Paulo Avelino on creating ‘dark’ characters: Acting comes with accumulated life experiences

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Scene from “Flower of Evil”

We were particularly thrilled by the dramatic prospects presented by the roles of Piolo Pascual and Lovi Poe—the former as a serial killer’s son who’s incapable of empathy, and the latter as an intuitive heinous-crimes detective who’s torn between love and duty—in ABS-CBN and Viu’s Pinoy adaptation of the K-drama series “Flower of Evil.”

Having said that, we must admit we were initially on the fence about the real Jacob del Rosario, the character whose identity Piolo’s Daniel Villareal has taken over, to hide from the people who blames him as much as his troubled dad (Gardo Versoza) for the series of unsolved murders in his hometown.

Beyond the sinister allure of murder and mayhem, however, we were particularly drawn to the series by its theme on nature versus nurture: Are people’s behavior and propensity to commit a crime influenced by environment or heredity? How susceptible is a person’s murderous trait to either change or “bubble to the surface”? Does he have a choice over his actions?

In “Flower of Evil,” Daniel is continually hounded by the unspeakable crimes of his father, even after he gets a new lease on life—as secretive artist-cum-family man Jacob, who’s happily married to Iris Castillo (Lovi).

But things take a turn for the twisted when we learn that the real Jacob is actually alive—not quite kicking just yet, but comatose. He is being shielded from the prying eyes of the public by his stern parents, Henry and Carmen (Edu Manzano and Agot Isidro, both exceptionally scary). And he’s being brought to life by Paulo Avelino.

Leading man

So we were intrigued by the production’s decision to cast Paulo, an actor who’s known for his leading-man roles (“Ngayon Kaya,” “I’m Drunk, I Love You”) as much as the flawed or morally ambiguous characters he also essays from time to time (“Fan Girl,” “Ang Larawan”).

When asked at a press con what it was about the role that he found instantly appealing, Paulo said, “I found the circumstances surrounding his situation fascinating. There’s really not much about him that I can relate to, but compared to the other roles that I’ve done in the past, I felt I could portray him and show him in a different light.”

Paulo Avelino at the press con

Paulo Avelino at the press con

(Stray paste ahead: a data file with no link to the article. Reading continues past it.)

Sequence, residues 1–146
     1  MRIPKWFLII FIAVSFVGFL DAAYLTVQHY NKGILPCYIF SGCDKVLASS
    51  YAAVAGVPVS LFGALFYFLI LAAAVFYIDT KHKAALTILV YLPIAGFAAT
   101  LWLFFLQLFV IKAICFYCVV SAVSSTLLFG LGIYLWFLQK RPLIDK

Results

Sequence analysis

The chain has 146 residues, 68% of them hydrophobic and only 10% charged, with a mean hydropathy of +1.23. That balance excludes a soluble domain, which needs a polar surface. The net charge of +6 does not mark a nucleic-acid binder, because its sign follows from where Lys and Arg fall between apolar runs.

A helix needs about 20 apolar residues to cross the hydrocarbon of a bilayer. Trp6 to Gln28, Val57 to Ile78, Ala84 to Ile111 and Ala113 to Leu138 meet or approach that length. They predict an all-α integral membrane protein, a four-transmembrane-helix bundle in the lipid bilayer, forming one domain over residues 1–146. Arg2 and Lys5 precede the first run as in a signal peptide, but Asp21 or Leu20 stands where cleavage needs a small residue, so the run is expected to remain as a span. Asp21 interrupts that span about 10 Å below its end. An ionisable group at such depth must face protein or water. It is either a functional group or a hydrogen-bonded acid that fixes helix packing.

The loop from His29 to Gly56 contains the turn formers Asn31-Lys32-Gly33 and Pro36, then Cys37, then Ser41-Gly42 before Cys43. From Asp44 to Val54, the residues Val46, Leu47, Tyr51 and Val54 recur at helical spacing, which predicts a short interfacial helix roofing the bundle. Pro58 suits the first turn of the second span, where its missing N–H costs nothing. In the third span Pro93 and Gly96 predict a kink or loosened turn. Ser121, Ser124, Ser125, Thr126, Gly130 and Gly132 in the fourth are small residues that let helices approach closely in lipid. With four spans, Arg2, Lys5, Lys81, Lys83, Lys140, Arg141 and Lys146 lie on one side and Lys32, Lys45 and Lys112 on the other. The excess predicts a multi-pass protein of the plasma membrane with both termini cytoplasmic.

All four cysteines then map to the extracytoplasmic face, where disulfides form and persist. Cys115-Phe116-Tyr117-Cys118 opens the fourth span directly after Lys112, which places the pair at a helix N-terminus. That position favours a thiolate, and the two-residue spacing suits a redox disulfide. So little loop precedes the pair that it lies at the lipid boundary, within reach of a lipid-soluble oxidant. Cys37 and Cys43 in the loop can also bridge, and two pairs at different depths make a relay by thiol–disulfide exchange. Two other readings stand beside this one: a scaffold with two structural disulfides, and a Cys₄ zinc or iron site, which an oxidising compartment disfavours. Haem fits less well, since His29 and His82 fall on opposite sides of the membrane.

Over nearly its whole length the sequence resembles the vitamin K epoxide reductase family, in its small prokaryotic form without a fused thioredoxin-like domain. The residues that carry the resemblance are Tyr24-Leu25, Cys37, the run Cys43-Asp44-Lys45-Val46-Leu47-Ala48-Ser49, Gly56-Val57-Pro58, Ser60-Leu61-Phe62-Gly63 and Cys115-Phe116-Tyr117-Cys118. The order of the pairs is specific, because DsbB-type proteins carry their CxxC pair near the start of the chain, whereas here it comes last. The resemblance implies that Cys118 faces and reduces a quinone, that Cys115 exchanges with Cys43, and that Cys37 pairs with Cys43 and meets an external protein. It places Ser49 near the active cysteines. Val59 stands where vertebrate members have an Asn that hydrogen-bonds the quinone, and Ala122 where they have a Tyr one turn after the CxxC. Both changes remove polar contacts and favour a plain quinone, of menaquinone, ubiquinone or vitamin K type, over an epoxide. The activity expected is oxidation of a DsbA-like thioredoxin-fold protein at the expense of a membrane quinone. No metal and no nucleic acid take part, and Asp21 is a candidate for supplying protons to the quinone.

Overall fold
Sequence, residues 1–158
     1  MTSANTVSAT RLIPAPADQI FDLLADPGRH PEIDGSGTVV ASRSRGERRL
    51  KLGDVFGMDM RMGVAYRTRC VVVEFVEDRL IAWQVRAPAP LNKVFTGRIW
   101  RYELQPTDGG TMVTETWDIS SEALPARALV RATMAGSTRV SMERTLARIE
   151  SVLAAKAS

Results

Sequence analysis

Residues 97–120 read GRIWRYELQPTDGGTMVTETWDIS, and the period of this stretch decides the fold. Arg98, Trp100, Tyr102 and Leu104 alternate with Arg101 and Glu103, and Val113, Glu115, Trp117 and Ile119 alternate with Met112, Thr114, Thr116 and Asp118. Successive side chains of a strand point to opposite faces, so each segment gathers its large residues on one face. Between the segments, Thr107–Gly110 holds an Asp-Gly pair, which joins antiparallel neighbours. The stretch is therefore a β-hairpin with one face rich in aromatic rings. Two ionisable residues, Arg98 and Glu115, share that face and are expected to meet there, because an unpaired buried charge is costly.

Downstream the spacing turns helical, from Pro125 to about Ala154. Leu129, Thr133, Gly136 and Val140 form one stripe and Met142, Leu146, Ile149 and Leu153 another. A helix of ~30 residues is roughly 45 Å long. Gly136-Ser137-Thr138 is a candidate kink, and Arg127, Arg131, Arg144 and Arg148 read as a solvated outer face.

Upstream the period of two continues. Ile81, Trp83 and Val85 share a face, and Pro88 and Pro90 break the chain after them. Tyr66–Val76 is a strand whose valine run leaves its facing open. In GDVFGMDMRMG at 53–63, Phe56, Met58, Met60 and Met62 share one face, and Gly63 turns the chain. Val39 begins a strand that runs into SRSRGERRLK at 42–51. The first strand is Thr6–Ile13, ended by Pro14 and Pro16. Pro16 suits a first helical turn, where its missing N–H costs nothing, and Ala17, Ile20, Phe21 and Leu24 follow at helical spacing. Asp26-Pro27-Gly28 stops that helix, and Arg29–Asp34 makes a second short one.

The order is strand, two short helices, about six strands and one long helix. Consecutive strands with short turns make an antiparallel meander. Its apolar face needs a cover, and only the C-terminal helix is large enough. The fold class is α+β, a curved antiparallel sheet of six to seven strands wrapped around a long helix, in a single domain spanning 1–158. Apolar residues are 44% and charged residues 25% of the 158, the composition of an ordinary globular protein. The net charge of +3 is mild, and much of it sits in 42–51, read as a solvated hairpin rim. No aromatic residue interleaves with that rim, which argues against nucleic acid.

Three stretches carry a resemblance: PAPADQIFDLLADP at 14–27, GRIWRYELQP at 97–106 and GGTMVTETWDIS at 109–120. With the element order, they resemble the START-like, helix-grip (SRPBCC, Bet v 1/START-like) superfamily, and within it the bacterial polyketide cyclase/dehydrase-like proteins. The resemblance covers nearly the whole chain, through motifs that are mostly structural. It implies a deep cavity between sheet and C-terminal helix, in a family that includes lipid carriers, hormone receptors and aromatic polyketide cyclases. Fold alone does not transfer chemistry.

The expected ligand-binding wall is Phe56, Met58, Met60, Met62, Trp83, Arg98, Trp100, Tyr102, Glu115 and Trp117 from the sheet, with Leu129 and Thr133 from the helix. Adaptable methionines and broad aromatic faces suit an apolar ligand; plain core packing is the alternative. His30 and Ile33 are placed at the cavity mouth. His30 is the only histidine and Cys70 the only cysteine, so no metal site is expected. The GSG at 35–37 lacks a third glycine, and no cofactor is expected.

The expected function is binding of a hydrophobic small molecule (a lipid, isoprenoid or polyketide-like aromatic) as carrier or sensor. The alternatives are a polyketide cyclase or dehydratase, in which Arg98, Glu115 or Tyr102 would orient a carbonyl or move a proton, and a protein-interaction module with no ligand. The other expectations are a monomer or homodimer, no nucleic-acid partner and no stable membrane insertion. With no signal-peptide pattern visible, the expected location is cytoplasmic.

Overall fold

Being the unpretentious actor that he is, Paulo cautioned the public not to heap praise on him just yet—not until they finally see him out of his sick bed and see for themselves what he does with the character. He explained, “Let’s wait before judging, so our expectations are managed realistically.

“I’m happy that people have been expressing their excitement to see me do this role. But personally, I didn’t think I was the perfect choice for this character. But we did everything we could to make it work—talagang tinrabaho namin ito.”

In the series as it is in real life, almost every person conceals a dark side. And while it’s true that actors tend to access the bleaker aspects of their personality to make their characters more convincing, Paulo said that his approach to acting depends on the character he portrays and his immediate circumstance.

“I always say that acting comes with accumulated life experiences, where ‘the more you know, the better your grasp at characterization becomes.’ In some cases, you can base it on the material itself and come up with ways and means to access the emotions needed for specific scenes.”

Mental health

Does he watch a lot of K-drama series?

“K-dramas really aren’t my cup of tea,” the actor admitted. “More than K-drama series, I watch Korean films more often, like Bong Joon-ho’s ‘The Host’ or Park Chan-wook’s ‘Oldboy’ and ‘Sympathy for Mr. Vengeance.’

“I think K-dramas and films are highly regarded globally because they have their country’s support—which is something we can learn from. They’re also a very proud race.”

Aside from his “unique” character, Paulo said he was happy to work with Piolo and Lovi. “It was a treat to work with them,” he said. “They’re very health-conscious, so they work out every morning. Kaya minsan, people have no choice but to work out with them (laughs). Sinasabayan na lang sila.

Paulo Avelino

Paulo Avelino

“More than anything, I like the fact that they’re both willing to do more than what’s perfunctory and go the extra mile to make something work.”

Another theme involving Paulo’s character that immediately resonates with viewers in this day and age is mental health, which has become even more relevant during the pandemic.

“I think it’s the same everywhere,” Paulo mused. “For any actor, you look for the background of a character and build it up from there. That’s how you forge your character’s relationships with other people.

“For me, these are important trigger points that can drive a person’s motivations. In Jacob’s case, the first thing I wanted to figure out was his relationship with his parents and friends. When the script arrived, that was when I understood why Jacob did the things he did.” INQ

Watch “Flower of Evil” first on Viu every Thursday and Friday at 8 p.m., and on Kapamilya Channel, Jeepney TV and A2Z every Saturday and Sunday at 9 p.m.

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